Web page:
What to watch out for in EUR in the next three months
The euro once again operated in the middle ground of G10 currencies in Q3, taking 2% out of the yen, gaining just over 0.6% against the pound but down 2.2% against the Swiss franc. So will the last quarter of the year see the euro soar?
Here are three things in Q4 that will govern the European single currency:
Italian Budget risk remains
At the end of Q3 Italy published details of its latest budget plan which was slightly more aggressive than the market had expected, taking the euro lower and Italian debt yields higher. We expect that negotiations will continue between Italy and the European Commission as to the size of the spending commitments that will eventually emerge, but we are not going to see political resignations yet.
The European elections are not due until May and while the coalition is holding for now, there is the possibility of snap elections ahead of those votes that may pull the country into the hands of the far-right Lega party.
Brexit negotiations coming to a head
We may be getting to the point within the Brexit negotiations wherein what happens between London and Brussels starts to matter to those within the EU and Eurozone. As it stands at the moment, Britain is on course to strike a deal with the EU before the end of the Article 50 period, although the chances of a no-deal Brexit have increased in the past few months.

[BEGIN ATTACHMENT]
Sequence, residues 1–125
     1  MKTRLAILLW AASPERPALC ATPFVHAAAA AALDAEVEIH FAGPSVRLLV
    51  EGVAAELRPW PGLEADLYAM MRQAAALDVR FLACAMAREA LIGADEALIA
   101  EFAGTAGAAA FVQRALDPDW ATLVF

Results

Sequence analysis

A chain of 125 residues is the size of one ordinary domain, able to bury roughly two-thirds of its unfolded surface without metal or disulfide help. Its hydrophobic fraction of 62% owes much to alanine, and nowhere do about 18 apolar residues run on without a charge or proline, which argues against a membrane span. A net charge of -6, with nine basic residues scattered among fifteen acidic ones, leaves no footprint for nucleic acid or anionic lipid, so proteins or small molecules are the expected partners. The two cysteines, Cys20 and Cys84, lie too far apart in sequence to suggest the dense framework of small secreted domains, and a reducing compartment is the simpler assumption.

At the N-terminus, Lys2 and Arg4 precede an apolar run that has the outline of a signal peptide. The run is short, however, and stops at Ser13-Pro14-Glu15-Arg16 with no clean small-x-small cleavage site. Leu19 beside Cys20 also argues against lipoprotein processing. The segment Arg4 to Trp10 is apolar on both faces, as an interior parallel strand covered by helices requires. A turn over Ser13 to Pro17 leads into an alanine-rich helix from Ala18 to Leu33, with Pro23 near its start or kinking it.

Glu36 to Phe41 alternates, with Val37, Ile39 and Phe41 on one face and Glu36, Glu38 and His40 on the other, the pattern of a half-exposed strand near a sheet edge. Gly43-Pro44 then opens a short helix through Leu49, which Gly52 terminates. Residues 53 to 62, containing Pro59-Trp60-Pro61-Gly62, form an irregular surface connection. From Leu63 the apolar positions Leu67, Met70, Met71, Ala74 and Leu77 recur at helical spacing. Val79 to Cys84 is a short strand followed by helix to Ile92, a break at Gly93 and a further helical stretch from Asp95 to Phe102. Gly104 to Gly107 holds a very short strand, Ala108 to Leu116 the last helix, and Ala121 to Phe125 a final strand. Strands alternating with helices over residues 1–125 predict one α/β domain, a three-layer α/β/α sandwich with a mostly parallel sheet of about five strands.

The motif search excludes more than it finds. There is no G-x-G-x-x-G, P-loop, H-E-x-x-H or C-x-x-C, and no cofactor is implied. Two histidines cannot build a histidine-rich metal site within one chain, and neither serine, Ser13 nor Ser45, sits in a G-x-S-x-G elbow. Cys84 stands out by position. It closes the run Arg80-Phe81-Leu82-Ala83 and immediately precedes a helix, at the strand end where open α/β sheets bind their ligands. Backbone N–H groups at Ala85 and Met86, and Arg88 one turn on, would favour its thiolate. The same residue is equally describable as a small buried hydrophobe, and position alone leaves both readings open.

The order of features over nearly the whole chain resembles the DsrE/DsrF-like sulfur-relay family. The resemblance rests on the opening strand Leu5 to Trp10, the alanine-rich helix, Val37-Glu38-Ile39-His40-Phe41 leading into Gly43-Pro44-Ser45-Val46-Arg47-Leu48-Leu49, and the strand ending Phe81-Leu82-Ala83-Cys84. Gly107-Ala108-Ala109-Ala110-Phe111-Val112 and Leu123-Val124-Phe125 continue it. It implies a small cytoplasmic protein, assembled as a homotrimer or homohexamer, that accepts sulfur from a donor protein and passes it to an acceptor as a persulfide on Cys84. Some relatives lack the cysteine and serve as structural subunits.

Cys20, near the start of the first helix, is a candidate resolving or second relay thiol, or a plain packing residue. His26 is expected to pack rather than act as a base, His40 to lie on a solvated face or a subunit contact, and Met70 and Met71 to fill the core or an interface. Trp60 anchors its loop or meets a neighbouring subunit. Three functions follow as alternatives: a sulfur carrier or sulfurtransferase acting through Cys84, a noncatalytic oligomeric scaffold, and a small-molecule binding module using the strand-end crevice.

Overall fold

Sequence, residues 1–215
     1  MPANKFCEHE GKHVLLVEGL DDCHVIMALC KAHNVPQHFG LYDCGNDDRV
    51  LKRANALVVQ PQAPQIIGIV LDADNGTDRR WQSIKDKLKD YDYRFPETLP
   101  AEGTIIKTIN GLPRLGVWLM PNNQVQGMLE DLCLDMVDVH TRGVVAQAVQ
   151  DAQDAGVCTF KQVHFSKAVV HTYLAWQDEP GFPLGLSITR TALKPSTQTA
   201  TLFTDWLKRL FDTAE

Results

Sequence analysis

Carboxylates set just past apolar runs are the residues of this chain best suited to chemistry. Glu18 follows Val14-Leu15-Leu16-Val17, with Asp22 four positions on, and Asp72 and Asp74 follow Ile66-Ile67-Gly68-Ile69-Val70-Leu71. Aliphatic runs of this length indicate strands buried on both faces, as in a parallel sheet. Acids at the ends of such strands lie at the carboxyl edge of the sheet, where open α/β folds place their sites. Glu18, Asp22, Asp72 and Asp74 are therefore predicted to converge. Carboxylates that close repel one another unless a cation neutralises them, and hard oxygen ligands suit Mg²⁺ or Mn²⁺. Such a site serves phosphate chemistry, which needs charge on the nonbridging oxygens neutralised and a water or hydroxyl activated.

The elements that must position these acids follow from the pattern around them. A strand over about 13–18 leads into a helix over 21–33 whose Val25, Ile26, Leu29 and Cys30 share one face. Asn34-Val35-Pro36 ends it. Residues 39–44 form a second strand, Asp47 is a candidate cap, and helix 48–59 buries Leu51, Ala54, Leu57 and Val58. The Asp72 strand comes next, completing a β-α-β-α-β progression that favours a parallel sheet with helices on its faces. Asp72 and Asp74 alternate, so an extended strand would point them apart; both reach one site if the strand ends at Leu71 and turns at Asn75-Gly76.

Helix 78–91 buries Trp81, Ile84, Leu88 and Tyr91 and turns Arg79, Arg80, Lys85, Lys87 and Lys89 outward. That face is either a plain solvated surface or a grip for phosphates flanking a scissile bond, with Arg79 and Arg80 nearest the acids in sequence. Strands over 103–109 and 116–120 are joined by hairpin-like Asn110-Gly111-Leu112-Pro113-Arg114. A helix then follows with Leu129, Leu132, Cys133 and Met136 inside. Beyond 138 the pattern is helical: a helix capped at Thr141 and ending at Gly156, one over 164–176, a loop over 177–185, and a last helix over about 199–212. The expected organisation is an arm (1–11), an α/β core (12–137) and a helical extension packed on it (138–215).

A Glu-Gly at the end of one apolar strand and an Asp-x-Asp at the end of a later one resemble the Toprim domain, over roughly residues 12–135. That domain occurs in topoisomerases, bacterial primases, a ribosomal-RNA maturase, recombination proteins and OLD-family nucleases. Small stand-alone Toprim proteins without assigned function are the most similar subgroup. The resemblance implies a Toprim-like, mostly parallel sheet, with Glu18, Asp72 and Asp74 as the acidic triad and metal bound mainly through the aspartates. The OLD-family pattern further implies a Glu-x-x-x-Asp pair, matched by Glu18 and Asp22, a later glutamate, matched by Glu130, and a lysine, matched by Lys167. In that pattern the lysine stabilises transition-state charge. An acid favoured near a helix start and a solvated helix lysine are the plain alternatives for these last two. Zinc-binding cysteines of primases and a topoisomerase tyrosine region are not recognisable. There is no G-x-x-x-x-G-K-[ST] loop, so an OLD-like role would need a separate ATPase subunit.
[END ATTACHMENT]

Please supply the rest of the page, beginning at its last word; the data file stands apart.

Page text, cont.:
British companies that have international operations are well into contingency planning by now but European businesses may not have started yet. If business sentiment falls on negative media headlines and production slows as a result of Brexit concerns then we could some of the shine come off the single currency.
Inflation and trade
After a slight wobble in the data in Q2, the European data picture has improved in the third and we are now starting to think more and more about inflation in the Eurozone. Mario Draghi, the European Central Bank President, called the pickup in underlying inflation ‘vigorous’ in a speech a week ago before the ECB’s Chief Economist came out a day later to say that this was nothing new.
In our minds this is a test balloon from the European Central Bank to try and smooth market reaction to higher inflation numbers that may be seen as a reaction to higher oil prices or trade tensions in the coming months.
The euro is set to balance the Italian risk with a growing economy and further talk of greater inflation and we would be surprised if the euro didn’t push higher into the close of the year.
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